Kashyap & Sule are right to express outrage at the low pass rates for the Royal College of Psychiatrists Clinical Assessment of Skills and Competencies (CASC), and concern over the difference between UK-trained candidates and those trained elsewhere. 1 They offer good suggestions for improvement. However, by focusing on the examination itself rather than the quality of CASC preparation in UK postgraduate training programmes, their outrage may be misdirected.
The validity and reliability of multistation Objective Structured Clinical Examinations (OSCEs) has been tentatively established. 2 Despite the appeal of the long-case examination, it has poor interrater and test-retest reliability when system-atically evaluated; 3 its continued use in high-stakes professional examinations is difficult to justify. However, it is very concerning that many candidates are surprised when failing a supposedly objective examination after 3 years of practising psychiatry. Can it be that so many intelligent and diligent psychiatry residents have a severe lack of insight into their own abilities? This seems implausible. It is more likely that postgraduate training programmes are failing to equip residents with the skills they need to pass the CASC. Given that these are predominantly consultation and interpersonal skills, it is difficult to escape the conclusion that residents receive inadequate feedback on clinical skills in their initial years of practice, even before commencing formal preparation for the CASC.
The College dropping the Part 1 OSCE shifted responsibility for evaluating first-year residents’ core clinical skills to postgraduate training programmes by means of the workplace-based assessment (WPBA) system. This approach is not effective: there are multiple flaws in the current WPBA system 4 and its suitability for assessing and developing core clinical skills is even more questionable than the long-case examination. 5 These observations are supported by our own experience of delivering CASC training: many candidates are surprised to receive in-depth feedback on difficulties in interpersonal and consultation style. After 3 years of practising psychiatry to their best of their ability with little criticism or coaching, it is no wonder that they are disappointed when the first piece of negative feedback they receive is failing the CASC. This affects UK-trained and non-UK-trained candidates alike and to focus on discrepancies detracts from the issue that the current pass rate is too low for all candidates.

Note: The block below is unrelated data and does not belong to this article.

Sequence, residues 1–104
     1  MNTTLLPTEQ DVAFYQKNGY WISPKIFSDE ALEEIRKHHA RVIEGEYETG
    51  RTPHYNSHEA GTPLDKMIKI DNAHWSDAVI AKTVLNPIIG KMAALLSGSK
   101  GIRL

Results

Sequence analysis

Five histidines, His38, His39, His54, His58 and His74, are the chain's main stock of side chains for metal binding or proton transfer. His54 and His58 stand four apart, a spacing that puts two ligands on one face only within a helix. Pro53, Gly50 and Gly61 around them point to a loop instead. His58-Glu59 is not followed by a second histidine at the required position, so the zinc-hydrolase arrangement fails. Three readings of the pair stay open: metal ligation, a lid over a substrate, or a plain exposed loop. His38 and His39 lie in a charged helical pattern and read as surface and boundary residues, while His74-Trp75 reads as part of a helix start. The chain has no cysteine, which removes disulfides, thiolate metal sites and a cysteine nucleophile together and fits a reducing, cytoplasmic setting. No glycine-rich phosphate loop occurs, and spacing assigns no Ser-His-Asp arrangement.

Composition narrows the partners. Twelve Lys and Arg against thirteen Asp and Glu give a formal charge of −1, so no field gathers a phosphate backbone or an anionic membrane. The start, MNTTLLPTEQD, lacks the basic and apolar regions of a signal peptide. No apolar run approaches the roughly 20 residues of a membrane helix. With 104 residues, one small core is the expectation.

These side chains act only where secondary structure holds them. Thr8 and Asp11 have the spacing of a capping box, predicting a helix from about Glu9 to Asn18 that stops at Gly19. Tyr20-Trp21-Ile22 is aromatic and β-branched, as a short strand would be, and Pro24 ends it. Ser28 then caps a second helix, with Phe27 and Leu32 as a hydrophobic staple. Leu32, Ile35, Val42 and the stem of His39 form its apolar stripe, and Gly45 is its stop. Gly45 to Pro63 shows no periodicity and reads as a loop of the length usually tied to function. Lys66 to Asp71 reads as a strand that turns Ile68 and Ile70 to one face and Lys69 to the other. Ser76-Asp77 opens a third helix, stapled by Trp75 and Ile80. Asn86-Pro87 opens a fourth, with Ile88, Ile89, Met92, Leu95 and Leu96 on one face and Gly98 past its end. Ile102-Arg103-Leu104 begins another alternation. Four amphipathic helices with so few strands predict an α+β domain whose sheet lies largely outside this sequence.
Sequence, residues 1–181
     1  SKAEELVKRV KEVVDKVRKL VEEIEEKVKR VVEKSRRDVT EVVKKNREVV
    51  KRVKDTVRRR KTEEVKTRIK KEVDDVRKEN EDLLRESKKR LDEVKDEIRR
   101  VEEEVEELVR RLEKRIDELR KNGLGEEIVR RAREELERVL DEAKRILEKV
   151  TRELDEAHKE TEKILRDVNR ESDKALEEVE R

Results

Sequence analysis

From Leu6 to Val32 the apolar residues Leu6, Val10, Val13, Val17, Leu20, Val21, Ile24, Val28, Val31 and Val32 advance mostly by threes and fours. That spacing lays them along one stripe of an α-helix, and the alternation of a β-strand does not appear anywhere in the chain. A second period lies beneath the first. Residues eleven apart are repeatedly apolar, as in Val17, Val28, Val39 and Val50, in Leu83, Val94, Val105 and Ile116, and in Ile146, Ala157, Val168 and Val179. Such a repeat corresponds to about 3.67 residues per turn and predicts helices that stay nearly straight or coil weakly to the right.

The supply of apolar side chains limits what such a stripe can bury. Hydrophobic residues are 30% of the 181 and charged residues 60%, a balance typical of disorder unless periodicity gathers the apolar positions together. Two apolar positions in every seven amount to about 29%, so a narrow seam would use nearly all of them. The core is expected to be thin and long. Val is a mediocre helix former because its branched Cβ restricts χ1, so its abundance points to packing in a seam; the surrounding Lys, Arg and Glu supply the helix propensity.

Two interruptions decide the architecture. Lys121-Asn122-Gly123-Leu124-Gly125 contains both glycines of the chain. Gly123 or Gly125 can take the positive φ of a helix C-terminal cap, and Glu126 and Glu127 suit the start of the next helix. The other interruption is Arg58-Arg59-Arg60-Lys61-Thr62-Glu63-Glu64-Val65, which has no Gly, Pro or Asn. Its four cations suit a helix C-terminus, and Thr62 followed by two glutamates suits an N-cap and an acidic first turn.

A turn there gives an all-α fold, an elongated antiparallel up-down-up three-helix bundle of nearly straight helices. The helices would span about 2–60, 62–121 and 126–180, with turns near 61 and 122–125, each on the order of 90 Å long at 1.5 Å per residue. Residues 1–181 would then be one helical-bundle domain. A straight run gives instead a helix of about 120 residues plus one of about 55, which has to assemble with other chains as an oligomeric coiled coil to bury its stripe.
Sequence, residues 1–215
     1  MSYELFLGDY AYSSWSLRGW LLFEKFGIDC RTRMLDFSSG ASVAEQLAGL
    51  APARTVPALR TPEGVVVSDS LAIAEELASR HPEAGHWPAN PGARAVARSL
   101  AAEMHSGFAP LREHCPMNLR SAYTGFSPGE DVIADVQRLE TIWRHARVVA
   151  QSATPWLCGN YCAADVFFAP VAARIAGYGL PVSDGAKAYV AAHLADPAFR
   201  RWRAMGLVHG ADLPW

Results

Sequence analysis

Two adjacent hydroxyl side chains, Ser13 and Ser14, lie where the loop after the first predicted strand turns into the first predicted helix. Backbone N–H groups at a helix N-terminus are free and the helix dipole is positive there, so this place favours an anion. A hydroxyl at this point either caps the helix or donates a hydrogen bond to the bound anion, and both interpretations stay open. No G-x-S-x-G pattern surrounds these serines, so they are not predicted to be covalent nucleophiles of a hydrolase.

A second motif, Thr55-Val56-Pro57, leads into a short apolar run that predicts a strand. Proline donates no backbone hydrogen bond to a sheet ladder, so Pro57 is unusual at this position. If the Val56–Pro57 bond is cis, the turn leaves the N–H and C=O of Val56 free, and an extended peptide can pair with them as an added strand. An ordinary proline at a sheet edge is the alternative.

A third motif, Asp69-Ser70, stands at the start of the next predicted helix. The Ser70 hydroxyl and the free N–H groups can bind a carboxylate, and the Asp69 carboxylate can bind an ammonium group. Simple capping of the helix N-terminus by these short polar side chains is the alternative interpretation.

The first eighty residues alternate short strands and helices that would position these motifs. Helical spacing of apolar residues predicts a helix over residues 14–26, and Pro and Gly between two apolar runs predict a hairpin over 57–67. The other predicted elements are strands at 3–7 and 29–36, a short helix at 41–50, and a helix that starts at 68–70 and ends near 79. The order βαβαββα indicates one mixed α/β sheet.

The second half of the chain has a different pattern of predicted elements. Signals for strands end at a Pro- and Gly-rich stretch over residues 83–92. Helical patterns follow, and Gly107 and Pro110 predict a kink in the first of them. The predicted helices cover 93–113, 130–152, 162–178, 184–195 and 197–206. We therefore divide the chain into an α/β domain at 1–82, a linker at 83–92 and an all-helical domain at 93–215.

This leads us to the conclusion that a substantial share of responsibility for low CASC pass rates lies not with the Royal College of Psychiatrists, but with the postgraduate training programmes. It is of course important that the CASC is continuously evaluated and improved, but there are more pressing issues. First, we suggest that training programme directors collect and publish data on CASC pass rates and urgently improve support and training for residents at risk of failing. Second, preparation for the CASC must start in the first year of psychiatric practice, in the form of in-depth consultation skills training beyond the WPBA system. Finally, we recommend that current and prospective psychiatry residents use all available information regarding the quality of clinical skills and CASC training when choosing a postgraduate training programme.